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Idealism Without Illusions/U.S. Foreign Policy in the 1990s Paperback – March 1, 1994


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Product Details

  • Paperback: 253 pages
  • Publisher: Isi Books; First Edition edition (March 1994)
  • Language: English
  • ISBN-10: 0802807461
  • ISBN-13: 978-0802807465
  • Product Dimensions: 8.9 x 5.8 x 0.8 inches
  • Shipping Weight: 12 ounces
  • Average Customer Review: 5.0 out of 5 stars  See all reviews (1 customer review)
  • Amazon Best Sellers Rank: #640,193 in Books (See Top 100 in Books)

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5 of 5 people found the following review helpful By Christopher Blosser on November 23, 2003
Format: Paperback
It is a curious thing to read this book in 2003, post-9/11 and after the U.S. overthrow of the tyranny of Saddam Hussein, as many of the prescriptions here, written nearly a decade earlier, address the same issues that Weigel would find himself articulating in making his case for U.S. foreign policy in Iraq for the Bush administration in 2003.
This book is a fairly quick read at 236 pages, but there's a lot packed into it.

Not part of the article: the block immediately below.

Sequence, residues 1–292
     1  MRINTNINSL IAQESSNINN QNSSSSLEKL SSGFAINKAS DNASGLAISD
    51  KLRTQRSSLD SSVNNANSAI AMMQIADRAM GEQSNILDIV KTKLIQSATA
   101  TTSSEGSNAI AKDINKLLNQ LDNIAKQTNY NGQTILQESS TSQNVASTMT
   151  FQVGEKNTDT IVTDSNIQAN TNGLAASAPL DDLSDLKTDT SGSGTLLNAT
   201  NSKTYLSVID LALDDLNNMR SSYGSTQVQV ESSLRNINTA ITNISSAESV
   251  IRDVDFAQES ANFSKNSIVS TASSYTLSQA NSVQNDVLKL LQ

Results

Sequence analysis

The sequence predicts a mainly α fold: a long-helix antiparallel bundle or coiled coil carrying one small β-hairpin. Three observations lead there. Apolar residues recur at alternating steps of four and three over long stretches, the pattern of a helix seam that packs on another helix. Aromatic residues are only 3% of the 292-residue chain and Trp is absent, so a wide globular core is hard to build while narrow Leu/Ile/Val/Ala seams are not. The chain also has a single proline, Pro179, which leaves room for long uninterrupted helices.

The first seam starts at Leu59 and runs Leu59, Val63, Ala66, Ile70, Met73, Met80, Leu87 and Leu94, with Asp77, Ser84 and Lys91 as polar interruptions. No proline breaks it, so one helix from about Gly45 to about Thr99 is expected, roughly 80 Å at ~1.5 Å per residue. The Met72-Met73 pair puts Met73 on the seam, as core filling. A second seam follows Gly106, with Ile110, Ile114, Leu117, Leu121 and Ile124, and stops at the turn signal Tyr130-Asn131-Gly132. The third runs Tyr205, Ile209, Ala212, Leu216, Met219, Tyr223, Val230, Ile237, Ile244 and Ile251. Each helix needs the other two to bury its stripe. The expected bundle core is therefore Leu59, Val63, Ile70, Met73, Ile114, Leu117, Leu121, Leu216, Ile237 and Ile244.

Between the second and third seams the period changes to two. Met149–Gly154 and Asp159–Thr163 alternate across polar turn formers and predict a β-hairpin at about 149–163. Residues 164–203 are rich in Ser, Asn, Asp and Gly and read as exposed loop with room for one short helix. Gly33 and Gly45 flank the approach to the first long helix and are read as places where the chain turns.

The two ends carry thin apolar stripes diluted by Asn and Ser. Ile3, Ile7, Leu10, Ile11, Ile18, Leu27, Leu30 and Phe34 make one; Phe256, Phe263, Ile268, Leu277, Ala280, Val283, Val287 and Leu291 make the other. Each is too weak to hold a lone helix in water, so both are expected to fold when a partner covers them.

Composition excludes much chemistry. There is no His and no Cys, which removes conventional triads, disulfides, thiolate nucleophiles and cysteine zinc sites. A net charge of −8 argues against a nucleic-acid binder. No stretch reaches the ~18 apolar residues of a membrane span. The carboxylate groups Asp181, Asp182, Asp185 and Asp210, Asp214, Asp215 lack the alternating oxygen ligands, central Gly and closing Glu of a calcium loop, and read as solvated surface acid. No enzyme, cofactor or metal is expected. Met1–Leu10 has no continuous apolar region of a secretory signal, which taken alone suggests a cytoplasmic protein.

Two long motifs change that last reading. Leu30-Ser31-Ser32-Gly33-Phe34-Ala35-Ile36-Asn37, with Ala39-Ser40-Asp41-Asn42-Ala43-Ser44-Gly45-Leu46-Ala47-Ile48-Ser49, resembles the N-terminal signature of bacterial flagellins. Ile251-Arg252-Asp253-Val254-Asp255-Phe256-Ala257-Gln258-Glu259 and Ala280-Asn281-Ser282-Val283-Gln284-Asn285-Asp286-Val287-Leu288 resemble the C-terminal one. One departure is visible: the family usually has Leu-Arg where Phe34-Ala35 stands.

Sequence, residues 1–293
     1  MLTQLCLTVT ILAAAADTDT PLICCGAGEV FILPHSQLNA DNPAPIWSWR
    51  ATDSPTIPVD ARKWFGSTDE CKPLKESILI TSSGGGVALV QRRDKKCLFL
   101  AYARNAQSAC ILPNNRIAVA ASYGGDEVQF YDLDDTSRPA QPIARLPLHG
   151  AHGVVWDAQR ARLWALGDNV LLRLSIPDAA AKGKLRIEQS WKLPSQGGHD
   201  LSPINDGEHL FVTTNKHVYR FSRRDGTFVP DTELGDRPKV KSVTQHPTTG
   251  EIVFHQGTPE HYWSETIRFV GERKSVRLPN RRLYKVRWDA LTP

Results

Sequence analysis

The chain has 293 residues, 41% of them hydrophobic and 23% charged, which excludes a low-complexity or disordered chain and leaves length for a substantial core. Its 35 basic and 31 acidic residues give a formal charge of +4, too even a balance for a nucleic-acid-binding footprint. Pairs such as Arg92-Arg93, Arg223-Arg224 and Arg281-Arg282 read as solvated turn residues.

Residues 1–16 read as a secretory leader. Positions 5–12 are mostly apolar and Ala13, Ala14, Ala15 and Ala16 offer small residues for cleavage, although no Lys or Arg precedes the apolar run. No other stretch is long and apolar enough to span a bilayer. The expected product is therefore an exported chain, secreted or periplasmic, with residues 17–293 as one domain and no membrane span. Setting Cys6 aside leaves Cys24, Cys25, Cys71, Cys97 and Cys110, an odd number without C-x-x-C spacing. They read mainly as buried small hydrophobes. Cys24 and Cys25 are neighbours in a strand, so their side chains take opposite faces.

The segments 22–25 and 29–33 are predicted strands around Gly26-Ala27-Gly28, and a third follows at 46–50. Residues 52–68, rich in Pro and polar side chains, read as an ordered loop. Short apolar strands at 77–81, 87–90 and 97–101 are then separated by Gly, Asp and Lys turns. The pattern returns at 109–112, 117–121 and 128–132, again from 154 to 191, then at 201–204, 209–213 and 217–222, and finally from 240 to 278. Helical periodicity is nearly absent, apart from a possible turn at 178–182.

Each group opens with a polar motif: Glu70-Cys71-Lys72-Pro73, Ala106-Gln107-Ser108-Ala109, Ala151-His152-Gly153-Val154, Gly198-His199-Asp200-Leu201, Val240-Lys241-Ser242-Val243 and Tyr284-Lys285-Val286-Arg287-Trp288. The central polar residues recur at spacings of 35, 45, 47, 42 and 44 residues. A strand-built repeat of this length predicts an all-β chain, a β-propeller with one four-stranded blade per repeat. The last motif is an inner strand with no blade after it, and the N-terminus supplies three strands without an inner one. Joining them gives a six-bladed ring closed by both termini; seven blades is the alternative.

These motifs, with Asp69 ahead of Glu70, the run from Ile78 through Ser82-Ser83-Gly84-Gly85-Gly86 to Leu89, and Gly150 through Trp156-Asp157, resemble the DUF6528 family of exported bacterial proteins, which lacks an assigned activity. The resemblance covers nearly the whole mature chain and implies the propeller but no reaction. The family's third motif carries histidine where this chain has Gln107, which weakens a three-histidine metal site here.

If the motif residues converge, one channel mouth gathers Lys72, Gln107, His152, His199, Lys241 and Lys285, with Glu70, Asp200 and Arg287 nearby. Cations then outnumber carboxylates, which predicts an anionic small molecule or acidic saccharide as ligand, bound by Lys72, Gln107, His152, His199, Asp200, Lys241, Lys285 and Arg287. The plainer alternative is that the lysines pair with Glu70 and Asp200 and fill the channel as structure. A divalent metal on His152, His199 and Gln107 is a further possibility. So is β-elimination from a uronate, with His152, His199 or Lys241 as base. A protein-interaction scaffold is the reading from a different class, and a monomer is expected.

Part One (pp. 1-59) examines the revolutions of 1989 and 1991 leading to the overthrow of Communism (both the reality of the Soviet Union and in the grand illusions held by liberal academics).
Part Two (pp. 50-125) examines the lessons we can learn from the Cold War; "beyond moralism and realpolitik, toward redefining "America's Purpose"; responding to the proposal of English historian Paul Johnson for a "new colonialism" with the help of a more forceful U.N. centered on the Security Council (favorable, with reservations) and the radical isolationism of Pat Buchanan (disagrees).
I found Part Three (pp. 143-213) to be the most fascinating in light of recent events -- for here Weigel examines "just war after the Gulf War, touching on Saddam Hussein's continued quest for nuclear capability and the limits of
national sovereignty with relation to pre-emptive strikes against despotic and aggressive regimes (such as Iraq) which pose a threat to international peace and order).
Also addressed in the third section is the justification for and reasonable constraints on U.S.
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